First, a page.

By Jocelyne Zablit
July 2, 2017
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Jacquie Barnbrook had grown tired of the high electricity bills and her gas-guzzling luxury car when she finally decided to take the plunge last year.
The 52-year-old Los Angeles resident joined an ever-growing number of Californians who are switching to solar power for their energy needs in a bid to not only save money but to also do their part for the environment in a state setting the pace for the rest of the country in that sector.
“At this time of year, my power and water bills usually were around $400 a month,” Barnbrook said. “Right now, it’s $150 a month.”
As for her vehicle, Barnbrook said she ditched it in favor of a hybrid one that she now plugs in and charges at her house.
“I was previously spending $80 dollars on gas every three or four days and now I haven’t put gas in my new car since the beginning of March,” she noted.
“That’s four months ago!”
Nearly 4.9 million homes are powered by solar energy in California—the nation’s green trailblazer and the most populous state—and that number is expected to continue to grow, according to the Solar Energy Industries Association, a non-profit trade association.
Even President Donald Trump, an avowed sceptic on climate change, is considering putting solar panels on the wall he plans to build on the Mexican border.
Although solar installations have slowed this year due, in part, to a record number of people rushing to sign up in 2016 for fear of losing a tax incentive, the market is expected to continue to grow, especially in places like California which has a plethora of sunny days, experts say.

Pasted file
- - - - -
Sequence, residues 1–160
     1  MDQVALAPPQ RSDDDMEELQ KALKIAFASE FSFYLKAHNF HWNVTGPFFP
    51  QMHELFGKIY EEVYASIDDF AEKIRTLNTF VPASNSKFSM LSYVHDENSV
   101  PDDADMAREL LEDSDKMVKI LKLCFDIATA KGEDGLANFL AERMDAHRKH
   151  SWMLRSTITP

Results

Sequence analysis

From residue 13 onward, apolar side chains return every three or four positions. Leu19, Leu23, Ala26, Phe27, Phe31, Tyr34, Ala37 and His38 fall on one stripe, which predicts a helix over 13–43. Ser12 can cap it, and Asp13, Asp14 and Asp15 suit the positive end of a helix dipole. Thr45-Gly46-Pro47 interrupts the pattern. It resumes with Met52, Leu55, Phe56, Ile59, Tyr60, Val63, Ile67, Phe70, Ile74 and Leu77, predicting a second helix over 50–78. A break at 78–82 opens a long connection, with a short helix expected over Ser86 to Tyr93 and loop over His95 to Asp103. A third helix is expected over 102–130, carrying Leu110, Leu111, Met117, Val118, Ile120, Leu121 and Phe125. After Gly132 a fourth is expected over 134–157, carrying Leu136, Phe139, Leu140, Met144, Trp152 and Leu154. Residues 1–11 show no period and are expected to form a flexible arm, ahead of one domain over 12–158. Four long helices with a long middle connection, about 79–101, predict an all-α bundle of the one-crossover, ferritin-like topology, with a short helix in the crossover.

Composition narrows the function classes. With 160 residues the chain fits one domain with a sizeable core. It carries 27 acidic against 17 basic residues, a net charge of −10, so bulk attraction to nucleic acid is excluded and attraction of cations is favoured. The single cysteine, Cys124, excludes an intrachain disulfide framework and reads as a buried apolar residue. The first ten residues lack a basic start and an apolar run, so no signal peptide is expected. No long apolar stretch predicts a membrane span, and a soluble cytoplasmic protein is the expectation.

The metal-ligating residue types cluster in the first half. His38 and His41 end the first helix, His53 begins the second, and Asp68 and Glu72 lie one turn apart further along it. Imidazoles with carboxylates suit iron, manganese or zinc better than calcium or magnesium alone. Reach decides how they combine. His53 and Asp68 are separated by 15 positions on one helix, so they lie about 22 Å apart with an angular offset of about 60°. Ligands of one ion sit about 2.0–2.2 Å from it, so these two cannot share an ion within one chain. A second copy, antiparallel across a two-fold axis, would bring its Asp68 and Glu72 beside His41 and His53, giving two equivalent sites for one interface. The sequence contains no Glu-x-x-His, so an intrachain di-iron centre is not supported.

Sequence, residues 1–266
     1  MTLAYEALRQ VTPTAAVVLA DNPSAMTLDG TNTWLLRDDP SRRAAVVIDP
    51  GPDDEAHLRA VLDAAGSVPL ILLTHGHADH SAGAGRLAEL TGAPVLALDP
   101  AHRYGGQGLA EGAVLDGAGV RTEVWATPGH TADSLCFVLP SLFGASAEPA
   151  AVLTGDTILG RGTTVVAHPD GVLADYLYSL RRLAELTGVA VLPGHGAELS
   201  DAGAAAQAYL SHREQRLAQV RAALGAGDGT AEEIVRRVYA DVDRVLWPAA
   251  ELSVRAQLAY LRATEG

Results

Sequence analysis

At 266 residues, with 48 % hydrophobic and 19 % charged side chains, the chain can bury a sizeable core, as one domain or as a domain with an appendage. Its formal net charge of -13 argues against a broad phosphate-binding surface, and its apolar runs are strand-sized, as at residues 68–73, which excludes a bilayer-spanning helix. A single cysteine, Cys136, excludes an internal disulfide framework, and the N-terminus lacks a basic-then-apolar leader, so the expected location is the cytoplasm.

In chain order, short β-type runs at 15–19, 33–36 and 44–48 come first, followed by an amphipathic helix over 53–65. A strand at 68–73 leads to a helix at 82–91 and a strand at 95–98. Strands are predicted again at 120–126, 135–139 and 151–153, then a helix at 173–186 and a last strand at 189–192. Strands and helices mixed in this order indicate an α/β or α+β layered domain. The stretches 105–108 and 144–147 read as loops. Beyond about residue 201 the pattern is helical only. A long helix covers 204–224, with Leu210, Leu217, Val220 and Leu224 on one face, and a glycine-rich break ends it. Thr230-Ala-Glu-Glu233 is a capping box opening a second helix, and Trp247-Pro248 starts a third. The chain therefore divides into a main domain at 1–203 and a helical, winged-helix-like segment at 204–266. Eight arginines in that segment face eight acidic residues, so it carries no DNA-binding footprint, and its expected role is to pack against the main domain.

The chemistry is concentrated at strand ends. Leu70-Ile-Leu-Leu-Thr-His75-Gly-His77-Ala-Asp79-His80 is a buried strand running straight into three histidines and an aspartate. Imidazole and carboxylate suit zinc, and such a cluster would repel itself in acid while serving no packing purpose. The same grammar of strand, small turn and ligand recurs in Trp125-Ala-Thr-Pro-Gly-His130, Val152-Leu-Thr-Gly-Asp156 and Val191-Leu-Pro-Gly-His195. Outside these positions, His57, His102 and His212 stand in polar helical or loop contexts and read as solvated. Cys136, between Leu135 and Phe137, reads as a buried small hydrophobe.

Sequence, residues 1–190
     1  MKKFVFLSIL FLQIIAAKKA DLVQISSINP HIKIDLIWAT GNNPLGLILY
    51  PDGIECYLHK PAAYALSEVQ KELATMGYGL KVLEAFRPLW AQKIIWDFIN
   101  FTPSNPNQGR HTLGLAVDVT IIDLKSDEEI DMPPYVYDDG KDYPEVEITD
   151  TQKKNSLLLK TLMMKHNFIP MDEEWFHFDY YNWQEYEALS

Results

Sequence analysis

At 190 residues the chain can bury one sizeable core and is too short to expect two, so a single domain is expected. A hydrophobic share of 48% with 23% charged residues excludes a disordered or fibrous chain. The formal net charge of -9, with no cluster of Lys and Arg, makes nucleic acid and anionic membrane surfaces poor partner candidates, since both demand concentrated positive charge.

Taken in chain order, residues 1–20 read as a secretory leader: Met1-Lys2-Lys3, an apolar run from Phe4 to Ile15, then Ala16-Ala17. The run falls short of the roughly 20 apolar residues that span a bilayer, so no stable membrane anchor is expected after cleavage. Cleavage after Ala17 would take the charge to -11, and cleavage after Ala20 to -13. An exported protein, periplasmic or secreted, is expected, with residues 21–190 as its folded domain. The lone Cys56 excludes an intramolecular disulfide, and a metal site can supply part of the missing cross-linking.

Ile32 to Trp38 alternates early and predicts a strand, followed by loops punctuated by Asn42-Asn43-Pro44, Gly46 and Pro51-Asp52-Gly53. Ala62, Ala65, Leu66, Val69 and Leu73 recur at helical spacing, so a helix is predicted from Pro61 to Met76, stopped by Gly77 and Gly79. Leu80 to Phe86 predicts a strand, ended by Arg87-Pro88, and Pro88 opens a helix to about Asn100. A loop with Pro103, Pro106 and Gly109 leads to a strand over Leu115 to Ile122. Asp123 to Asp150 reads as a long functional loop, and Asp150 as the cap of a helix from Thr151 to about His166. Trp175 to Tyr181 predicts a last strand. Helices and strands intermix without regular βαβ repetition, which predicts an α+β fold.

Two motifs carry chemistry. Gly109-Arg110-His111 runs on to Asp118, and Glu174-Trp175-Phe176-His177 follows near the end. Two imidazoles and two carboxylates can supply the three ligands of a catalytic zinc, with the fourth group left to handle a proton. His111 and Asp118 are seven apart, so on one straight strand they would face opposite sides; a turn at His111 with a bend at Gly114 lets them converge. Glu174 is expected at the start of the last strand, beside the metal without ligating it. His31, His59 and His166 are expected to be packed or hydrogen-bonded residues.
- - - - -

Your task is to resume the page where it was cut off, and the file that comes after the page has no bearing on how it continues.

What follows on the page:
Driving this expansion is the plummeting cost of solar panels—which were traditionally limited to relatively affluent homeowners—and improving technology on batteries to store energy, they add.
“Right now, we’re in throes of rapid change in the solar industry,” said Rajit Gadh, director of the UCLA Smart Grid Energy Research Center. “As people process all the information out there and report their success stories and it starts to become mainstream … the momentum will grow.”
He said apart from cost, another reason average consumers have gingerly adopted solar power in recent years was the dizzying number of regulatory hoops they had to go through to get approval from utility companies and a lot of complicated information to process.
Moreover, as demand for the product has surged in the last decade, so have the number of companies—both serious and shady—jostling for a piece of the pie.
“Solar power is confusing and for a long time it really didn’t make a lot of economic sense,” said Ryan Willemsen, CEO and founder of the San Diego-based start-up Solar to the People.
“In California, solar is really getting a snake oil reputation because of some of the unscrupulous folks involved who are pushing solar super hard,” he added. “In San Diego alone, for example, there are over 200 solar operations.”
Ara Petrosyan, CEO and founder of LA Solar Group, a consulting firm, said he believes that once the dust settles and shady companies inevitably go out of business, consumers will be able to make more informed and affordable choices and the sector will take off like “a rocket ship.”
“In five years, so many rules and regulations have been added that you have to be a really good expert to stay in the business,” he said.
He added that a clear sign of where the industry is going is the number of installations—which cost between $15,000 and $20,000 for an average size house—his company is handling.
“When we started in 2012, we did about 10 installations a month,” Petrosyan said. “Today, we do about 120 a month … and it will definitely keep increasing.”
Such projections are good news for a state that has mandated that 50 percent of its electricity come from renewable energy sources, including solar, by 2030.
Solar power is also growing fast in other states, including New York, which look to California as an example.
“The overall industry trend is that the cost of solar panels and other components is going down,” said Willemsen.
“And more and more standard folks are hearing it’s a good idea and once one person in the neighborhood goes solar, more and more follow.”